#3 MG Rating 90.438
Veronica Falls are indie rock crack. Slumberland Records? Check. British? Check. Twee As Fuck? Check check check. There are some forces in this world that we are powerless to resist, like gravity, magnetism and cheesecake. To these, let me append Veronica Falls. If you haven’t heard them yet, go and sit down in a dark room right now and let the jangly goodness wash over you. Feel the fuzz. Allow the sweetness to melt your cynicism, rot your teeth and exacerbate the diabetes that you contracted from eating too much cheesecake in the first place. Waiting For Something To Happen is their heart-breakingly beautiful second album. You should feel grateful that sweet little baby Jesus lying in the manger has seen fit to allow you to be alive at the same time that these monsters of pop are active. The least you can do is buy a few thousand copies of their album on vinyl to distribute to all your twitter followers in honor of His birthday. Or Festivus. Or the Queen’s Birthday, or Boxing Day, or whatever crazy holidays they celebrate over there. SB
#2 MG Rating 91.321
So how do you summarize the year in music, 2013? What overall themes tied together the stuff that people listened to this year? Using our proprietary MG word cloud maker we analyzed the most-frequently used terms and phrases that our favorite/least favorite web sites used this year to describe our favorite/ least favorite music. If this were one of those fancy web sites, I’d insert a giant word cloud here. However, since the IT guy disappeared at the Washed Out show/riot, we’ve been on our own. Anyway, this year’s key words were skeletal, minimalism and precise. Joanna Gruesome are the complete opposite of all that shit. Ripping out of your speakers wearing a ski mask like R.Kelly just got parole, JG are sloppy, shouty, fuzzy and fun. While most popular music this year sounded sterile and formulaic, JG are the reciprocal of The Arcade Fire times Daft Punk. They might not be bothering the charts, Grammys or international diplomacy, but they sound like they’re having a good time and they make me want to set fire to stuff. What more can you ask for in a band? SB.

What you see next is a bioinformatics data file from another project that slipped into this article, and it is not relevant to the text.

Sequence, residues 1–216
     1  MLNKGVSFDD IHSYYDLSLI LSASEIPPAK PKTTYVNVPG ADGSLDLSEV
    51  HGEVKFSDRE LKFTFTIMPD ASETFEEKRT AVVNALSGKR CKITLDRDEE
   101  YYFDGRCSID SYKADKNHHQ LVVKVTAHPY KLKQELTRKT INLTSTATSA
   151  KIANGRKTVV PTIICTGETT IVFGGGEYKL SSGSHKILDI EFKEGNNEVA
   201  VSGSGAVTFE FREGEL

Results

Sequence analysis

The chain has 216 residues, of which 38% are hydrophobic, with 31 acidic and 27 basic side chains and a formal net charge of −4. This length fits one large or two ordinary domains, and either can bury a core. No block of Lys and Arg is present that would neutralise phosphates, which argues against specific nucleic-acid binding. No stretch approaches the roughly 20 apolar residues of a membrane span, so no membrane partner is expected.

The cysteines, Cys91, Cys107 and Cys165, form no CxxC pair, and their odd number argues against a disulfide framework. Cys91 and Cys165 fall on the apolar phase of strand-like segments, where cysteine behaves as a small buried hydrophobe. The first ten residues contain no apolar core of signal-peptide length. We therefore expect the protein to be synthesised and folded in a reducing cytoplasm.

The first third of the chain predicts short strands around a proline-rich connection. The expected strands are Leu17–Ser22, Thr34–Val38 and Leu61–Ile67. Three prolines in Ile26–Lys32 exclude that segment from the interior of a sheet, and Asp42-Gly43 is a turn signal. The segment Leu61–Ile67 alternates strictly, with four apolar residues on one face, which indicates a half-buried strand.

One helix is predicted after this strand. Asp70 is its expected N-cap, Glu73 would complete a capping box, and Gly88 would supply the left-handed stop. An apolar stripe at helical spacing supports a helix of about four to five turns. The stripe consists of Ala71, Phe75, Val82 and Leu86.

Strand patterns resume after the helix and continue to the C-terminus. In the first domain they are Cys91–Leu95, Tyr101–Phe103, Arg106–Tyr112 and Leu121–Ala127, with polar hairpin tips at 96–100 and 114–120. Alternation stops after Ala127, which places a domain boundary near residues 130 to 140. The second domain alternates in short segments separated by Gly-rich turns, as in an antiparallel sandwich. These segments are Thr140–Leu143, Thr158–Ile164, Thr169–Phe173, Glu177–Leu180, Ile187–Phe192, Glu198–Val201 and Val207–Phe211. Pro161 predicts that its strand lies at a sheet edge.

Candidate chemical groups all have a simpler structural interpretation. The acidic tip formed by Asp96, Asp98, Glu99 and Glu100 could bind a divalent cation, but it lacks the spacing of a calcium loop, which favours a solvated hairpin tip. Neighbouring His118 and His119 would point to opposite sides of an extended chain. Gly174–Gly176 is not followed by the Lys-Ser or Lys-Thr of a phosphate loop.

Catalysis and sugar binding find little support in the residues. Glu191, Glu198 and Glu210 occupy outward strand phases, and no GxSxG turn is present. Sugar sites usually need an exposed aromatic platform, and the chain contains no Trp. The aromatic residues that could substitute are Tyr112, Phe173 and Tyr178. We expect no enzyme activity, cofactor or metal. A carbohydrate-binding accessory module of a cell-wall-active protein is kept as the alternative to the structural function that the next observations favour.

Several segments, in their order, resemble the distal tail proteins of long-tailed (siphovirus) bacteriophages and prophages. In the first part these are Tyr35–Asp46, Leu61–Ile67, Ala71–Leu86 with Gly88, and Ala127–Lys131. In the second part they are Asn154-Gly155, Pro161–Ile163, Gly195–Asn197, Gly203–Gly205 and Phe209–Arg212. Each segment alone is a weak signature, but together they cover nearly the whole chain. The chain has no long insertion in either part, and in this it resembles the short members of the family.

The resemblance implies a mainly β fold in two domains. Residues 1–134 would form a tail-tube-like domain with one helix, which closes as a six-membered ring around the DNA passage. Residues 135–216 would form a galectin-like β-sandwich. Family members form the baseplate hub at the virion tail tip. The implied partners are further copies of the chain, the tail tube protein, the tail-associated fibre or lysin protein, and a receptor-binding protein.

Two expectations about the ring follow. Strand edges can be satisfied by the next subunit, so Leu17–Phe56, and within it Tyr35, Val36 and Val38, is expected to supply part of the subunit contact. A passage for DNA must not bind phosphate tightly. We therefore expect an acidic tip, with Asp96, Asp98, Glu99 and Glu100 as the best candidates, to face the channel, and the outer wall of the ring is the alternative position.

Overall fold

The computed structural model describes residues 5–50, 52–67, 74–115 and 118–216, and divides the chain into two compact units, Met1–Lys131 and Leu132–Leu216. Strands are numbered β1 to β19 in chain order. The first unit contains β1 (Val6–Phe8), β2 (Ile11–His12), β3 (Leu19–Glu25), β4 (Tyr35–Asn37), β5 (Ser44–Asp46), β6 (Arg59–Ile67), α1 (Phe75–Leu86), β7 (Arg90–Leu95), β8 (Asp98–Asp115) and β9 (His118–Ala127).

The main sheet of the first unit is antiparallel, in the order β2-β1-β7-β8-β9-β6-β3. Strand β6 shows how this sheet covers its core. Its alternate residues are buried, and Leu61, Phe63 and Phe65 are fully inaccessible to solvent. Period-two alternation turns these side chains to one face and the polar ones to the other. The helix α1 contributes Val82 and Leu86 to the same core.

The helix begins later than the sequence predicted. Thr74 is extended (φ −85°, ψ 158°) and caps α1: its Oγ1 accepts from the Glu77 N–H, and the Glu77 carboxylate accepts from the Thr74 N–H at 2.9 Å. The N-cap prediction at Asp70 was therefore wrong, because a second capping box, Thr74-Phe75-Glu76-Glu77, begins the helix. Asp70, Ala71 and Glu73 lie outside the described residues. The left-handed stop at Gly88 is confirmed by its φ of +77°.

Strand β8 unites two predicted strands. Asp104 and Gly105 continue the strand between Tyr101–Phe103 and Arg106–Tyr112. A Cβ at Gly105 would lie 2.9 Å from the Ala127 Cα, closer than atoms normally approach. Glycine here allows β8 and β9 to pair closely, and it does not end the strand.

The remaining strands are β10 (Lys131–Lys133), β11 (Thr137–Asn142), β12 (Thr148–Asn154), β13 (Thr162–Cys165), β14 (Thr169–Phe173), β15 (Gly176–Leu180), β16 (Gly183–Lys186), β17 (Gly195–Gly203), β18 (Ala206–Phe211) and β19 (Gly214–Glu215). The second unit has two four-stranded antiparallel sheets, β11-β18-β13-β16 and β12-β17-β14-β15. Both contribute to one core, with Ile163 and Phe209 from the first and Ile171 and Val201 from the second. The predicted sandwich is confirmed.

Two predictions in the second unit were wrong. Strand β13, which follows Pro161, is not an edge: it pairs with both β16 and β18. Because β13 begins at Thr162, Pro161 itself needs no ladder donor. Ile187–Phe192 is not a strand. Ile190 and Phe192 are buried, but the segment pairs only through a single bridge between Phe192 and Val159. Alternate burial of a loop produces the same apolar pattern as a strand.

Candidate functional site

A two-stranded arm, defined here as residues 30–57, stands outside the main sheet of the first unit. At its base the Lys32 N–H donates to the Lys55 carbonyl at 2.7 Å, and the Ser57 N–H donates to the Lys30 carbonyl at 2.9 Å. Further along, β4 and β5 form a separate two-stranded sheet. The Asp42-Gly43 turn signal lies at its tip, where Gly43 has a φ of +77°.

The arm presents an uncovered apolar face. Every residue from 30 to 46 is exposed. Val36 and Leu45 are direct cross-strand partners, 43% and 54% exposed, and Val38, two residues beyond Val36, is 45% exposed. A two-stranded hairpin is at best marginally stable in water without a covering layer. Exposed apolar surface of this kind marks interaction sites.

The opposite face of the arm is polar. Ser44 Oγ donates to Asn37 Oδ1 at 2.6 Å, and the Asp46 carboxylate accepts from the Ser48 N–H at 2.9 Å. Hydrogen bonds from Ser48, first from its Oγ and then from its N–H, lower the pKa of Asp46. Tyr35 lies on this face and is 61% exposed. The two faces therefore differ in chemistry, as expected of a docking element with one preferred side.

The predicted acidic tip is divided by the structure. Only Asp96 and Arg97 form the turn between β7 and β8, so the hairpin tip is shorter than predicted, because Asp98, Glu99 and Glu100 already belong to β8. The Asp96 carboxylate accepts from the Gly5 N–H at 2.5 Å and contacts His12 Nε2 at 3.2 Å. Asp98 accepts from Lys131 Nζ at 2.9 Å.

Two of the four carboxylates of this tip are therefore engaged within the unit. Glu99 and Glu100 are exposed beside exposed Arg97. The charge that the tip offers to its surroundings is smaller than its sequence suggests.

#1 MG Rating 94.444
When you hear about a band whose name is reminiscent of a crustacean but is actually an acronym for “Fuck it dog, life’s a risk,” expectations become less than positive. But hey, you put the record on anyway. After all, you’d hate to be one of those [series of expletives deleted]s who review shit they haven’t actually listened to. So you hit Shuffle and take a sip of your Capri-Sun. “Blackout Stout” starts. A murderous horde of skid row scum bursts out of your closet, bars, bottles, and boards in hand. Your blood turns glacial in your veins. You brace for a crowbar hit to the pelvis that never comes. Instead you’re in the horde. You try to scream but your face is buried in a meth addict’s Every Time I Die hoodie. There is no escape. Your life fades. Your vision dims. All that remains are memories. You try to remember a time before chaos. Ruined dreams. This wasted land.
But the song ends, and you awake in the crowd. Bleary-eyed and an inch from being broken. You’re so thirsty, but your Capri-Sun is long gone. Just as your throat cracks, “CHEAP BEER” roars over your speakers.
It is quite refreshing. DS